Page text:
US President Donald Trump will meet North Korean leader Kim Jong-un in Singapore on 12 June, he has said.
“We will both try to make it a very special moment for World Peace!” the US leader tweeted.
In March, Mr Trump stunned the world by accepting an invitation to meet Mr Kim for an unprecedented sit-down.
The pair had previously exchanged insults and threats. The breakthrough came after landmark talks between North and South Korea.
Mr Trump’s announcement came hours after he welcomed home three US detainees released by North Korea.
Their release came during a visit to Pyongyang by Secretary of State Mike Pompeo to arrange details of the meeting between Mr Trump and Mr Kim.
No sitting US president has ever met a North Korean leader. The White House said the American trio were freed as a gesture of goodwill ahead of the summit, which Mr Trump earlier said he thought would be a “big success”.
“I really think we have a very good chance of doing something very meaningful,” he said.
The big question at the centre of the talks
The key issue expected to be discussed is North Korea’s nuclear weapons programme – over which Mr Trump and Mr Kim furiously sparred in 2017.
The communist North has carried out six nuclear tests since 2006, despite international condemnation and sanctions, saying it needs the weapons for its own security.
The US wants Pyongyang to give up its weapons programme completely and irreversibly.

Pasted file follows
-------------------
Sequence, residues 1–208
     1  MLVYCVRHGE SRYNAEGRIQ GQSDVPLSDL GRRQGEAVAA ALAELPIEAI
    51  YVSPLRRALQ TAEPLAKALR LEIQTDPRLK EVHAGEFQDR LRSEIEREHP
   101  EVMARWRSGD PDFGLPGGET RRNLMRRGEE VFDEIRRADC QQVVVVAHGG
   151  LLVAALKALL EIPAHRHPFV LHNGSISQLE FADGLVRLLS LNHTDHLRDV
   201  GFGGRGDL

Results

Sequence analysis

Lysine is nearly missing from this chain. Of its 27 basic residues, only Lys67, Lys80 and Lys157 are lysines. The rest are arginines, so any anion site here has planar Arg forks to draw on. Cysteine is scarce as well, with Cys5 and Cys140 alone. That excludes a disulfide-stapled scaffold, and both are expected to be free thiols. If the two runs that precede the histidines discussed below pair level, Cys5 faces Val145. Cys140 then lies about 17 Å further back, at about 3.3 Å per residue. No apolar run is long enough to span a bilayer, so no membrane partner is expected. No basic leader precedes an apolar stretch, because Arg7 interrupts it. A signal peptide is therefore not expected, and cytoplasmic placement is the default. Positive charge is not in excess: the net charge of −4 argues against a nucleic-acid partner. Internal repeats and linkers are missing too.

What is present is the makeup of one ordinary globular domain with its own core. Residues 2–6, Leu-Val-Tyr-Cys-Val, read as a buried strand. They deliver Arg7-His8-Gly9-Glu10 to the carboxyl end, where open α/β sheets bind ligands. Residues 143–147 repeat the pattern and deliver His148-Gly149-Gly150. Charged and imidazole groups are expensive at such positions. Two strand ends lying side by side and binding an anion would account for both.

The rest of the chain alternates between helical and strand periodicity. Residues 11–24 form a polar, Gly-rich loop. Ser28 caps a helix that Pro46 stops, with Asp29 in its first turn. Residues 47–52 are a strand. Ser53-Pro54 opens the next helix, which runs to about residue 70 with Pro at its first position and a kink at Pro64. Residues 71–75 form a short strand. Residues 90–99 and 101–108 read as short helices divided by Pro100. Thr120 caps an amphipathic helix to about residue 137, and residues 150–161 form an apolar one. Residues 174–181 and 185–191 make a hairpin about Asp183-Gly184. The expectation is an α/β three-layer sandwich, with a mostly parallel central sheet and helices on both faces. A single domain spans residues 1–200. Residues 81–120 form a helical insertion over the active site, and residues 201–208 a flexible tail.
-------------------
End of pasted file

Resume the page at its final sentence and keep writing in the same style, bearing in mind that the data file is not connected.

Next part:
Ahead of the meeting, Mr Kim has pledged to stop nuclear tests and intercontinental ballistic missile launches, and also to shut down a nuclear test site.
But analysts caution that Mr Kim is unlikely to easily abandon nuclear weapons that he has pushed so hard to obtain, and that “denuclearisation” means something quite different to both sides.
There has been no word from Pyongyang on what it might specifically offer at the summit, but key issues for the North will be the presence of 30,000 US military personnel in South Korea, and the lifting of sanctions that are choking the economy.
At a summit in April, Kim Jong-un and South Korean President Moon Jae-in vowed to work to rid the peninsula of nuclear weapons, although the means of achieving this were not detailed and previous such pledges have been abandoned.
Still, the dramatic meeting – which saw a North Korean leader setting foot on South Korean soil for the first time since the end of the 1953 Korean War – marked a historic breakthrough between the two countries.
Singapore, a small and highly prosperous island nation, has been used before for high-profile diplomatic occasions.
In 2015, the leaders of China and Taiwan held historic talks in the South East Asian city-state, their first in more than 60 years.
It had been seen by top US officials as a good, neutral choice for the Trump-Kim talks.
The US and Singapore have a close relationship. Singapore has diplomatic ties with North Korea but suspended all trade with the country in November last year as international sanctions were tightened.
Other locations which had been considered for the Trump-Kim summit included Mongolia and the Korean border’s demilitarised zone (DMZ).